Here in this prison there was a fully organized congregation with Elders and a meeting hall. We often had a visiting religious official of our faith provide us with homilies. There was even a courtroom for the spiritual committee. Here even the most unruly behaved themselves because the Presbytery was very strict. This does not mean that there weren’t any improprieties! I specifically recall a certain incident relating to the person next to me who happened to be my friend. He was a nice young man who really liked to keep all the rules of the cell very scholastically. These rules were certain agreements that we came up with to keep us from feuding. For example, we had agreed on a specific quiet time, a time the lights should be turned off, the order by which everyone would choose the type of music to play, and so forth. My friend demanded a scholastic adherence to these rules, and his insistence created a strong sense of animosity among some of the cell residents, so they decided to make his life miserable. They purposely walked with wooden shoes on the hollow floor when he was trying to sleep, they left him abusive and insulting notes, and they opposed all his requests.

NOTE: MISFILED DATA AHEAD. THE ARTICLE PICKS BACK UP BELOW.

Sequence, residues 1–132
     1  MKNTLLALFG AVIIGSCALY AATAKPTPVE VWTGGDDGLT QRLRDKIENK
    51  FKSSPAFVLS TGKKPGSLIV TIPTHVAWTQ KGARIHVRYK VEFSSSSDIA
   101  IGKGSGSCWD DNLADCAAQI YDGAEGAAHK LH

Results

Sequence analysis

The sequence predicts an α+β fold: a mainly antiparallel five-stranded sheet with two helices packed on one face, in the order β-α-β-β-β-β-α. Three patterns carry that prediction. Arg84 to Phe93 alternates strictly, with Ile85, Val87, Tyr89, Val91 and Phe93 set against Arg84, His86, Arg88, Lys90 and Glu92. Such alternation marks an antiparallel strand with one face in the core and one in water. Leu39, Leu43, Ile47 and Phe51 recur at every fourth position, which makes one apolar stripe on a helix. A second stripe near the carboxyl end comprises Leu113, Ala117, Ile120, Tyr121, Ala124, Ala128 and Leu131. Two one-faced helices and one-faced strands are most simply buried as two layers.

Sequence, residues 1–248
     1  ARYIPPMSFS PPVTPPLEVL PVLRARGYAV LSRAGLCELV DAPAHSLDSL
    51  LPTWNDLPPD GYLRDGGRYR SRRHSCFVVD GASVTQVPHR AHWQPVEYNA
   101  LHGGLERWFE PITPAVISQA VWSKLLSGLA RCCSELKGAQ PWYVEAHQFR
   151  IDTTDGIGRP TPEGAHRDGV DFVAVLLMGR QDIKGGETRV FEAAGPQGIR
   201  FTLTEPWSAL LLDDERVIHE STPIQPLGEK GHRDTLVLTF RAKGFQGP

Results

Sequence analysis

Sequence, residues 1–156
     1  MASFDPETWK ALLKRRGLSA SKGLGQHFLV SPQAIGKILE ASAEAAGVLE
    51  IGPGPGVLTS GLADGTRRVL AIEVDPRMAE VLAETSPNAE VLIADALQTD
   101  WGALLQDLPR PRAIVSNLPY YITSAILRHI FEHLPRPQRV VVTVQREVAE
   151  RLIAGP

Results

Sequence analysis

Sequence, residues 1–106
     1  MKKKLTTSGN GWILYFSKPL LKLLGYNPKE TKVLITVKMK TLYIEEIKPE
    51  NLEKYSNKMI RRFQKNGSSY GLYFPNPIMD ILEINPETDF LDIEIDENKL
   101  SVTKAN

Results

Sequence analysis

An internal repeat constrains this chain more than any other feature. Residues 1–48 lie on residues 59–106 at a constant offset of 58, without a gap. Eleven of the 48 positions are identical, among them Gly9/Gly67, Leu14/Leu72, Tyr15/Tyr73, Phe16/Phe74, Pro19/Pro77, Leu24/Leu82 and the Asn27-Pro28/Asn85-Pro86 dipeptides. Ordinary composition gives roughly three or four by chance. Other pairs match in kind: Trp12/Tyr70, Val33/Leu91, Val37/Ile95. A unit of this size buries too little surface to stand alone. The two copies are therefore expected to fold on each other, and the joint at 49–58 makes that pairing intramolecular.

This situation became explosive when his adversarial group accused him to the Presbytery and piled a plethora of ungrounded charges against him. He came to me in a state of despair and said, “My accusers are many! The Presbyters will never listen to me! I’ll try to explain all the things they do against me, but they’ll never believe me!”
“If you want my advice” I said, “do as I say, and you will win. When the Presbytery comes, do not accuse your adversaries at all. Ask for forgiveness, and tell them that you are at fault for everything, even though this is not the case. Use the example of Christ who taught us to ‘overcome evil with good’ (Rom. 12:21).”
He disagreed at first, but soon he realized that he had no other choice. When the presbytery arrived, my friend requested to be the last one to speak. His adversaries began to pile up a heap of accusations against him. He listened with exemplary patience. At the end, he was given the opportunity to speak.
“I ask forgiveness from everyone. I will try to become better from this point on. I am to blame for everything!”